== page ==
The world’s second-largest brewer, SABMiller has two projects aligning with the SDGs. They have instituted the 4e Camino al Progresso Programme to help build up small businesses in Latin America and help them grow. Furthermore, they work with Ugandan farmers to help create marketing opportunities and decrease importation in favor of locally sourced ingredients.
Partner with TONTOTON while implementing further SDG strategies
Although aligning your company with the SDGs is an everlasting task—there will always be room for improvement and responsible businesses must constantly evaluate their impact—there is one way that you can begin your SDG journey today.
Through our certified plastic credit system, we allow our corporate partners to reduce plastic pollution by collecting non-recyclable plastic alongside recycled plastic used in their products. Leave nothing and no one behind. It’s a way for companies to empower impact and to choose responsibility.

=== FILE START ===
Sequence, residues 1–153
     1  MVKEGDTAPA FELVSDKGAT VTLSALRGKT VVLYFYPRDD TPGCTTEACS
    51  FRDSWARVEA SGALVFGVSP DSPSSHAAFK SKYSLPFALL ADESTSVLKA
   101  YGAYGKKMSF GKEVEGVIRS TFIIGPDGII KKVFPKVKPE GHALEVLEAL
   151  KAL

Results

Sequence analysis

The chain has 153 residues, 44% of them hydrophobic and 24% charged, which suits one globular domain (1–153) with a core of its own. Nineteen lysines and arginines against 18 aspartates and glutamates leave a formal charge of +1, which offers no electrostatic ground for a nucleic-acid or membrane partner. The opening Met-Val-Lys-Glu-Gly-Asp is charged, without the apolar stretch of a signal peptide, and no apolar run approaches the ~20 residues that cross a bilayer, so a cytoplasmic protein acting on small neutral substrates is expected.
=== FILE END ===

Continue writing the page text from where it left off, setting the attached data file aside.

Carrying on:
We remove low-value, post-consumer plastic (what we call orphan plastic) from the environment by employing individuals in the local communities. We provide personal protective equipment, training, and competitive wages, allowing our workers to better support their families while enjoying a cleaner community. Once the plastic waste is collected, we send it to cement factories to be converted into energy and raw materials.
Our company’s business model aligns with the SDG1 goal of no poverty, the SDG11 goal of sustainable cities and communities, the SDG12 goal of responsible consumption and production, and the SDG14 goal of life below water.
We further encourage our corporate partners to take responsibility for their plastic waste beyond purchasing plastic credits. While removing plastic from the environment does make a positive impact, we need to eliminate the use of orphan plastic entirely if we want to save our oceans and the communities that are suffering from mismanaged plastic waste.
Interested in starting your SDG alignment journey? Partner with TONTOTON today.